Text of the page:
« on: June 19, 2013, 10:11:49 AM »
There are a lot of things to consider based on your post. First and foremost is your motivation for attending law school.
You say you have and a family and work 40+ hours a week if you are going to throw law school on top of that it probably will not go well. Having been through law school myself I saw the majority of part-time students not make it and if they did graduate they finish near the bottom of the class simply because they cannot compete with 25 year olds with no responsibilities who do nothing, except study. Not to mention many that made it through did not pass the bar and for the few that did graduate and pass the bar they obtained 0 legal experience while in law school and then compete with grads who did better academically and did legal internships and so forth.
Do people manage law school, family, and working 40 hours. Yes it does happen, but I would not bet on it going well for anyone as the majority end up failing out or not making it through. I personally think part-time law school is a bad idea for anyone and if you want to do it go all in, but that is just me.
On to the next point Lincoln Law School, Monterey Law School, or any other CBA school will do enough to get you a bar admission ticket and the reality is at any law school whether it be CBA or ABA you will learn the same thing. In law school you read Supreme Court cases and your first year will be torts, contracts, civ pro, property, etc. At the end of three or four years of law school if you attend part-time you will then choose between BarBri, Kaplan, or one of the other bar tutoring companies to help you pass the bar. You then take the bar exam in a room of about 1,500 anxious people and you wait four months for your results. On your exam you do not list what law school you attended and if you pass you get a bar card and you can represent clients.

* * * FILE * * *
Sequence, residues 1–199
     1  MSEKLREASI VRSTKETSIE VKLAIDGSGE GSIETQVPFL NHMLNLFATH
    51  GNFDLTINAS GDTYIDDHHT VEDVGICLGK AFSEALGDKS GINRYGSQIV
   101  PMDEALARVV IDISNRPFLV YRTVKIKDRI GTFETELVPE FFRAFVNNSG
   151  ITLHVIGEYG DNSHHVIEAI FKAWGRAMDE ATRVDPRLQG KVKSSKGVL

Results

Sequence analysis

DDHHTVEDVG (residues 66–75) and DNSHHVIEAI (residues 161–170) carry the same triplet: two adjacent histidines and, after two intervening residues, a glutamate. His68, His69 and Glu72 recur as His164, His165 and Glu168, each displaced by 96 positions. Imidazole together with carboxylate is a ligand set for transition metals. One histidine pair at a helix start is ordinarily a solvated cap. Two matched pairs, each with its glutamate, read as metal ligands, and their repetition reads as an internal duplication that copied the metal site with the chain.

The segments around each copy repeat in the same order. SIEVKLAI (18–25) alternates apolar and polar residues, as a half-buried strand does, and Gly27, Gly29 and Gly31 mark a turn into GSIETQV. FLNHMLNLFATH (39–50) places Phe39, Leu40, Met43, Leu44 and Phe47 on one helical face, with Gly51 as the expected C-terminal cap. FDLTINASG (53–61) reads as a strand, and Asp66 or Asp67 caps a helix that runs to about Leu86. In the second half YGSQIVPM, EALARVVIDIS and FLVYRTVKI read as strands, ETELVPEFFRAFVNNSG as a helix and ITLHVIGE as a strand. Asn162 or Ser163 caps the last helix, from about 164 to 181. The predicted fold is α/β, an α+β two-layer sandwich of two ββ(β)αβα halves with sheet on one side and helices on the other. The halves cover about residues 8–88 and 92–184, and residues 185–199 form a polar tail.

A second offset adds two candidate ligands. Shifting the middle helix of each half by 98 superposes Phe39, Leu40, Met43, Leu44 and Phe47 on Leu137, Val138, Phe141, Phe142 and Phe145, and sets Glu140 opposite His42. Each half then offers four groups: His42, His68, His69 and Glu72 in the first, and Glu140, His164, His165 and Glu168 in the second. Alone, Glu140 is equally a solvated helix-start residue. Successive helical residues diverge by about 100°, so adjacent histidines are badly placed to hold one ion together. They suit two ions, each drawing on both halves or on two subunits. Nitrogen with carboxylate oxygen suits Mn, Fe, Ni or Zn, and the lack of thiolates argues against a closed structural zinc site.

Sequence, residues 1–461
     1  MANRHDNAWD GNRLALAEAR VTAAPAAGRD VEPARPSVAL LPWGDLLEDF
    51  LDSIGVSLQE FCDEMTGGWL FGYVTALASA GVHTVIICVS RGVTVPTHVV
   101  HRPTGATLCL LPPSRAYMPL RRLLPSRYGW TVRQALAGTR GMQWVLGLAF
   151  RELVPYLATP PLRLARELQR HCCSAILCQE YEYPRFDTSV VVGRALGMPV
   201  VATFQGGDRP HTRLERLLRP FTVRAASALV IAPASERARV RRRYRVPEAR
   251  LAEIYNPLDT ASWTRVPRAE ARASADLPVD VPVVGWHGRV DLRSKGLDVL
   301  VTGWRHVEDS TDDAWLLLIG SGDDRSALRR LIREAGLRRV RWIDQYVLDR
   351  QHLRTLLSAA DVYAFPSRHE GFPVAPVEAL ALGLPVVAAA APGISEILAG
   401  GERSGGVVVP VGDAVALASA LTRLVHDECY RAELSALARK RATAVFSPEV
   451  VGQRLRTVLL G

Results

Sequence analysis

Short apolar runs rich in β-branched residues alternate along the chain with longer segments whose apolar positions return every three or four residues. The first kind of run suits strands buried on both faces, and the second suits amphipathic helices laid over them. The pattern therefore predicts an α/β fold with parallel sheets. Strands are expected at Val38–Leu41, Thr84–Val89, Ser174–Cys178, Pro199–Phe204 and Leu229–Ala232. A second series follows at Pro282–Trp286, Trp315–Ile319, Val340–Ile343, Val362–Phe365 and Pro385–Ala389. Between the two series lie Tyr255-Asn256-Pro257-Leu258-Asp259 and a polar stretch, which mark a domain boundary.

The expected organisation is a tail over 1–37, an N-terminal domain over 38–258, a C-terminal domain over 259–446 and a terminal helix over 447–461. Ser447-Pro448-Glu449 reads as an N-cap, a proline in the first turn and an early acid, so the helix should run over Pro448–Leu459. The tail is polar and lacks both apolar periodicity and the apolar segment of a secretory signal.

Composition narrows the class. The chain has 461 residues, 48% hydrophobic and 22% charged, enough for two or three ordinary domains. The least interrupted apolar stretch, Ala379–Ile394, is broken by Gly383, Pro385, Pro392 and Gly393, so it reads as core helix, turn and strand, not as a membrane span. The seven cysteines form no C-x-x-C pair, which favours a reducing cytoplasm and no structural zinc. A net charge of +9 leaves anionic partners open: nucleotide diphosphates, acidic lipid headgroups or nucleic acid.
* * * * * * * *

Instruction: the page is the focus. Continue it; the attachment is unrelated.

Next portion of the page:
The only issue with CBA schools are you will have some doors closed you cannot take the bar in the majority of states without a legal battle and there are many employers that will only take an ABA grad particularly in government work. Also if you go into private practice or open up your own firm potential clients will look up the school you attended and unaccredited law schools do not instill confidence in potential clients even though the education is the same.
However, despite those obstacles plenty of CBA grads do quite well for themselves and the reality is whether you make it in the legal profession has a lot more to do with you than the name on your diploma, but a CBA degree will close some doors.
You then go onto mention Hawaii and UNLV as options. Those schools are great if you want to work in Hawaii or UNLV, but not if you want to live in California. Also remember law school is three years of your life and if you have a family will they be able to handle living in Hawaii or Vegas? Will uprooting them be a strain on you? Could you live in Hawaii or Vegas?